Operations   //   November 14, 2022

How Stitch Fix uses data to guide plus-size styles for brands like Chloe Kristyn

Stitch Fix is adding to its plus-size offerings by working with smaller brands like Chloe Kristyn on exclusive lines that draw on its vast network of customer data points.

Stitch Fix, a personal shopping and styling service founded in 2011, first launched plus items in 2017. Back then, it offered 75 brands, Madison Young, head of the women’s plus division at Stitch Fix, told Modern Retail. Today, that number has doubled to 150 and includes apparel from The North Face, Calvin Klein and Vince Camuto. Stitch Fix has also collaborated with brands including Rebecca Minkoff, Michael Stars and Karl Lagerfield Paris on their first-ever plus-size collections and is working to make its exclusive brands 100% size-inclusive by 2025.

“It’s a business that we do see continued progress and growth potential behind,” Young said. “Almost 70% of U.S. women are a size 14 or above, but as you look at the apparel offering and marketplace, that offering within plus is less than 20%… Plus is definitely an area that we feel very passionate about to continue to stand behind and evolve at Stitch Fix, but also within the total market.”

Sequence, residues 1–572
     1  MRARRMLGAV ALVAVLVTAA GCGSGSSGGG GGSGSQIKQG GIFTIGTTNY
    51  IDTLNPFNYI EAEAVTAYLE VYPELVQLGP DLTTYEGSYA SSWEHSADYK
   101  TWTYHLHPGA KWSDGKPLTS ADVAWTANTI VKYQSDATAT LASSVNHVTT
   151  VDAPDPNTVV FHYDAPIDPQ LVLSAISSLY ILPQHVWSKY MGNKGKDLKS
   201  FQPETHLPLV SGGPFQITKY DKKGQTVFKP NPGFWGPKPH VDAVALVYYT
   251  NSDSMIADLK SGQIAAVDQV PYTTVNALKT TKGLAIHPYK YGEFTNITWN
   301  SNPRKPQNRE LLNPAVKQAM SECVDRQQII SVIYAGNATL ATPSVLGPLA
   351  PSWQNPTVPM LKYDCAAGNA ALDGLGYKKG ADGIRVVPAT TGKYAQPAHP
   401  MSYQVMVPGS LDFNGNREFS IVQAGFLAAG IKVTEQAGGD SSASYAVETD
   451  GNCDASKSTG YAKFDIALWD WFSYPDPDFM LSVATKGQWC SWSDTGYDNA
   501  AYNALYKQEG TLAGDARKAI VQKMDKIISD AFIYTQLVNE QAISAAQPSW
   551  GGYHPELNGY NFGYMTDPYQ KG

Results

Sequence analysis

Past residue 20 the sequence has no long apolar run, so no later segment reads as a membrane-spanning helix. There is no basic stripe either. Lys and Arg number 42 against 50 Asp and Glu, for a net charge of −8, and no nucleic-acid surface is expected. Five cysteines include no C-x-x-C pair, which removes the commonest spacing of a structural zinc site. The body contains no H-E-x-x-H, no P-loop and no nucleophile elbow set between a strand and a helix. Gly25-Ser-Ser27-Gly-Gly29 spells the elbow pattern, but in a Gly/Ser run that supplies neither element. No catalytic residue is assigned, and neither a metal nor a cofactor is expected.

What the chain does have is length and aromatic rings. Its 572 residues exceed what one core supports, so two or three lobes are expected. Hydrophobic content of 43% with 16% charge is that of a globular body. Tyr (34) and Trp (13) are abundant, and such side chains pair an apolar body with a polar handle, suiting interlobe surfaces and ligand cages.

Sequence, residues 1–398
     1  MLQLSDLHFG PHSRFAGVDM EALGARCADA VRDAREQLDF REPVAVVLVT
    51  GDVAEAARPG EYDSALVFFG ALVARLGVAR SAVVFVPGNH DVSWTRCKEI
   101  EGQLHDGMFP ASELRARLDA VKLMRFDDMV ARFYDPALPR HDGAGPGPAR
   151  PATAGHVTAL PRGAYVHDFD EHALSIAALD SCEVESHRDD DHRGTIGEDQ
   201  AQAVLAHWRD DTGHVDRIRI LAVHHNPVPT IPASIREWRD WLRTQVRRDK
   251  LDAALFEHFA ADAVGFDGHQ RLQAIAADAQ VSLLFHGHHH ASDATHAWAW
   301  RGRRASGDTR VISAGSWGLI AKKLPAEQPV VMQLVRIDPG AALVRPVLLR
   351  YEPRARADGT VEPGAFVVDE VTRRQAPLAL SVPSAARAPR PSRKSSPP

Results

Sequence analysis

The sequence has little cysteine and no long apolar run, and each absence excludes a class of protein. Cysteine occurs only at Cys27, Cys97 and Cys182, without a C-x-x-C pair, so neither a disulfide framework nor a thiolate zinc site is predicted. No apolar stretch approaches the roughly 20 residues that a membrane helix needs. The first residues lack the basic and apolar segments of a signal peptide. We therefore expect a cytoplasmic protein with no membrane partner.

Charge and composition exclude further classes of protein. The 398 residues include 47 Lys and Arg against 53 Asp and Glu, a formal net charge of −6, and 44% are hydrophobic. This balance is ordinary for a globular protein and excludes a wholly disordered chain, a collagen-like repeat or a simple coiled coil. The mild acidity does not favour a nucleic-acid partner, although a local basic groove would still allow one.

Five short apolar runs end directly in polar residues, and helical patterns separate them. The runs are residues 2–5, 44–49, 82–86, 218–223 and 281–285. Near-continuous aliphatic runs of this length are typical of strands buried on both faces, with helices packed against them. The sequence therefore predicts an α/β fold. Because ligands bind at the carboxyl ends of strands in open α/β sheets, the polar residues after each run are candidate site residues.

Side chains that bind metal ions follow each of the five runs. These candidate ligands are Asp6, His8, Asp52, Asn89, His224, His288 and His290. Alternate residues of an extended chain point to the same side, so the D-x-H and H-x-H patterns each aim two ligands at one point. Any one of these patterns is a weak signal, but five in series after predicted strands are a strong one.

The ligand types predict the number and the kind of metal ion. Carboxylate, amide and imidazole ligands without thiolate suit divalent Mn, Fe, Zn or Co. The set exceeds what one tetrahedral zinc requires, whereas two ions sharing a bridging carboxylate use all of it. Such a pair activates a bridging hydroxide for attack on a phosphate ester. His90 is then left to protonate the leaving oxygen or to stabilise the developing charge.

Bettina Benson, Chloe Kristyn’s founder and creative director, began working with Stitch Fix on a plus collection after receiving a 2021 grant from its Elevate program, which was created to support the next generation of entrepreneurs of color and promote more diversity in retail. It took six months to develop the collection, Benson said. To help with the process, Stitch Fix gave Benson access to its plus-size toolkit. “The toolkit is really focused on fit and development,” Benson told Modern Retail. “I really think it helps brands approach this to design for a real woman’s body.”

Data is at the heart of Stitch Fix’s approach to apparel. Its internal tech design team regularly looks at how items are performing and does a “deep dive” on products at least twice a year. It also relies on customers’ feedback in five areas: size, price, quality, style and fit. More than 85% of customers voluntarily leave comments at checkout when they are purchasing or returning an item, Stitch Fix says. It then shares this information about what works and what doesn’t with brands so they can improve offerings going forward. Stitch Fix has amassed 75 million data points from its customers buying plus-size clothing.

Stitch Fix launched its plus-size toolkit last fall and has received positive feedback from brands, according to Young. Coupled with access to customer data, “it’s been a really helpful starting-off point,” she said, especially for brands who have not offered plus-size clothing before. “It gives guidance and a little bit more education, because to scale into plus, you want to do so really thoughtfully and intentionally,” she said. All vendors have access to Stitch Fix’s fit tools, which are free to use. Stitch Fix offers price parity for its plus and core assortments, Young said. “I think that also empowers our buyers and our merchants at the time of sourcing and negotiating, because we do offer that inclusive and kind of equal experience.”